And perhaps that's why a player like myself, who didn't touch a Pokémon game until they were an adult, has such a different relationship with the series to my colleagues who are ten and more years my junior. For them, playing Pokémon meant seeing a different world brought to life partially through on-screen pixels, but just as much their own imagination. But more than that, this was a game, a series, that put a child at the centre of its story. And there's huge power in seeing something of yourself in any interactive experience. And for the players who've grown up with Pokémon over the past 25 years, the simple joy of reconnecting with their childhood through a game series will never get old.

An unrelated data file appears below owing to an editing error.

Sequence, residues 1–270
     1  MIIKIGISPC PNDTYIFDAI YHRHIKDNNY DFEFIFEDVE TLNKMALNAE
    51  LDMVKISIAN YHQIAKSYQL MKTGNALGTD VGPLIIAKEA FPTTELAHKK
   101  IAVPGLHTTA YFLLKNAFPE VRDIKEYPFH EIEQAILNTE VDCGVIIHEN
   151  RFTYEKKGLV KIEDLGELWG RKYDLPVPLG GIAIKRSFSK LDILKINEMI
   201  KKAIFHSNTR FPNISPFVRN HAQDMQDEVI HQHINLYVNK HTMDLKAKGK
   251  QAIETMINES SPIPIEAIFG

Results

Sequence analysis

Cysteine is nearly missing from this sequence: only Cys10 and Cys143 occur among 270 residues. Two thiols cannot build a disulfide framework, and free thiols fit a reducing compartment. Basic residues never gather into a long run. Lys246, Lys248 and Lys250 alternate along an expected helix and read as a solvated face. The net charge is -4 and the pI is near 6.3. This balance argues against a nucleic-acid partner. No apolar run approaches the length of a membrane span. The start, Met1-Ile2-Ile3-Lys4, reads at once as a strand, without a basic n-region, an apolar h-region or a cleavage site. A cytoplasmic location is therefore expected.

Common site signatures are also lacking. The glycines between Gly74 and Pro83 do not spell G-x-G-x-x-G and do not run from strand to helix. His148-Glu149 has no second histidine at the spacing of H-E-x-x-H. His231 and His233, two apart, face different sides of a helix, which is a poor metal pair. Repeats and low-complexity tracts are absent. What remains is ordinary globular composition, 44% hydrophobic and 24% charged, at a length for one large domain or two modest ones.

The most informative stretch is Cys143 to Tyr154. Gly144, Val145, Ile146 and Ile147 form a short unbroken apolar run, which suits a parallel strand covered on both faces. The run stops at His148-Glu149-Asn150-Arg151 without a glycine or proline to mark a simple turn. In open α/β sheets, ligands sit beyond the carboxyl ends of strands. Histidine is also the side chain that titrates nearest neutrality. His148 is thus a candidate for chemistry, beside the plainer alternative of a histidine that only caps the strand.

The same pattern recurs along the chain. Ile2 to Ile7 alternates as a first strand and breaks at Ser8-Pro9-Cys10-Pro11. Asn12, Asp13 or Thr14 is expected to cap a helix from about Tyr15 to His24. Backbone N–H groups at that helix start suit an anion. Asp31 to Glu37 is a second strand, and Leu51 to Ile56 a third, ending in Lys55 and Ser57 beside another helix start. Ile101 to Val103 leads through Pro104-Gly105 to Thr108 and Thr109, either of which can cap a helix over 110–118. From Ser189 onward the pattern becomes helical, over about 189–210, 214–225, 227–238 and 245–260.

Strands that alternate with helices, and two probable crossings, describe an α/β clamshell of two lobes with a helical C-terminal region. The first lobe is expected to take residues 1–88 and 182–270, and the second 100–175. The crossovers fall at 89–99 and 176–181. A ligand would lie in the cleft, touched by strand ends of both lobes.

Check out more articles in GAMINGbible's Pokémon Week, celebrating the 25th anniversary of the franchise:
Pokémon Fans Have Made The Franchise What It Is, 25 Years On
My First Pokémon: The GAMINGbible Team's Original Pocket Monsters